What to do when disaster strikes

You’ve been looking forward to moving into your new home for months. As you waited, you’ve planned where your furniture is going to go and pictured yourself preparing meals in your new kitchen and cozying up by your fireplace on cold nights.

But your dream has just gone up in smoke. Literally. A fire consumed your soon-to-be-finished house and you’re left wondering what to do now.

When you own a home that is damaged or destroyed by fire, that’s usually when you put in an insurance claim. If your home is still under construction however, you do not yet own it and it is up to the builder to address the situation.

In the unfortunate event of a fire

So if your new home suffers a fire, what should you expect from your builder?

House roof on fire

First, the builder should immediately notify you about the fire, explain the cause and let you know that they will follow-up on how this will affect your closing date.

Unfortunately, fires can happen at any point in construction from the time the builder starts framing the structure to the final stages of completion. What happens if your home was damaged when you were only weeks from moving in and already sold your current house? Is there any financial compensation for the delay?

How your new home warranty protects for fires

Under the Ontario New Home Warranties Plan Act, new home buyers may be entitled to Delayed Closing compensation if a builder fails to meet the agreed upon closing date. However, where there is an ”unavoidable delay” (a particular situation which leads to a delay in the closing date through no fault of the builder), no delayed closing compensation is payable. Events that result in an “unavoidable delay” are set out in the Addendum to the Agreement of Purchase and Sale and include a fire since the builder must postpone the closing date to repair the damage or re-construct parts or all of the home.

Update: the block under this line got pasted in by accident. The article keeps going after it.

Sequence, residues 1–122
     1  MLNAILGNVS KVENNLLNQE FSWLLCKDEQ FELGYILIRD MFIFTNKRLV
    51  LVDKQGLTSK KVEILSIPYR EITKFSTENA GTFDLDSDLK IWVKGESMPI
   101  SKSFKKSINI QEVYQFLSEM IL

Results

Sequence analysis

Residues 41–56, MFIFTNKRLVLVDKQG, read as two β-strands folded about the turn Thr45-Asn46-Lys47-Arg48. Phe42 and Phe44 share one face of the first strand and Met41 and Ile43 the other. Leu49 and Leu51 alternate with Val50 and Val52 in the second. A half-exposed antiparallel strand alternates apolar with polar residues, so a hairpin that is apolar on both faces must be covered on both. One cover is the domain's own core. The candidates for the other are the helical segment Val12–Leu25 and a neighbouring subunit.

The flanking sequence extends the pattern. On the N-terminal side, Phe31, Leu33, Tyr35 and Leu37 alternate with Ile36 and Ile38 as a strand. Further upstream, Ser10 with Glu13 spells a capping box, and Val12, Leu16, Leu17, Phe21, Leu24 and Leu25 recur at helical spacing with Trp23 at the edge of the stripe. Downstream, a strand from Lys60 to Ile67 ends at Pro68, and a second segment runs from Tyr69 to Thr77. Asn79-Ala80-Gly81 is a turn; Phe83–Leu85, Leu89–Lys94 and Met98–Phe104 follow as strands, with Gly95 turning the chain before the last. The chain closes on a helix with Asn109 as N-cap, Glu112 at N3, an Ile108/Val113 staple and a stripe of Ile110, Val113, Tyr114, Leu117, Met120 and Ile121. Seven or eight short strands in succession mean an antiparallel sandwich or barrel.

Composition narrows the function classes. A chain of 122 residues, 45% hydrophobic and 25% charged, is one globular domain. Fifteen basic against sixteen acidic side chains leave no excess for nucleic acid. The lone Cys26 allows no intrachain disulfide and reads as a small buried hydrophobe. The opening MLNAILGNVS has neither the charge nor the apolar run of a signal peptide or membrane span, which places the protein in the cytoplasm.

Under the Ontario New Home Warranties Plan Act, new home buyers may be entitled to Delayed Closing compensation if a builder fails to meet the agreed upon closing date.

Once the builder has determined the impact of the fire and how it will affect construction and delivery of the home, they are required to provide you with written notice of your new closing date. If they don’t, you may be able to make a claim for delayed closing compensation up to a maximum of $7,500.

You may also have a valid claim if the fire was caused by the builder either through something they did or didn’t do.

Igniting an issue

Our Warranty Services team recently dealt with a situation in which the chimney of a newly completed home was filled with construction debris. During the Pre-Delivery Inspection, the builder’s representative turned on the fireplace and it ended up igniting the debris and causing a fire. The fire chief confirmed the cause of the fire and the homeowner consequently received delayed closing compensation since the fire delayed the homeowner from taking possession of the home and the builder’s failure to remove the construction debris had contributed to the fire.

Turn to Tarion for help

While the last thing anyone wants is to lose their new home before they’ve even had a chance to move in, it’s important to know your rights if it happens to you. Tarion is here to help. If you want to learn more about delayed closing compensation, check out this link or contact us at 1-877-9-TARION or email customerservice@tarion.com.


The goal of this blog is to provide you with general information about the warranty process by sharing real experiences from new homeowners. The blog should not be relied upon as legal advice. For privacy reasons, we will not address or resolve current cases in a public forum, so any comments or questions that are posted on this site that describe individual cases cannot be discussed. If you have a question about your warranty or Tarion generally, we would be pleased to discuss your issue, in the context of your particular circumstances and in confidence. We exercise reasonable care to avoid offensive, illegal or defamatory content from being posted, as well as comments that are intended solely for self-promotion or considered to be spam.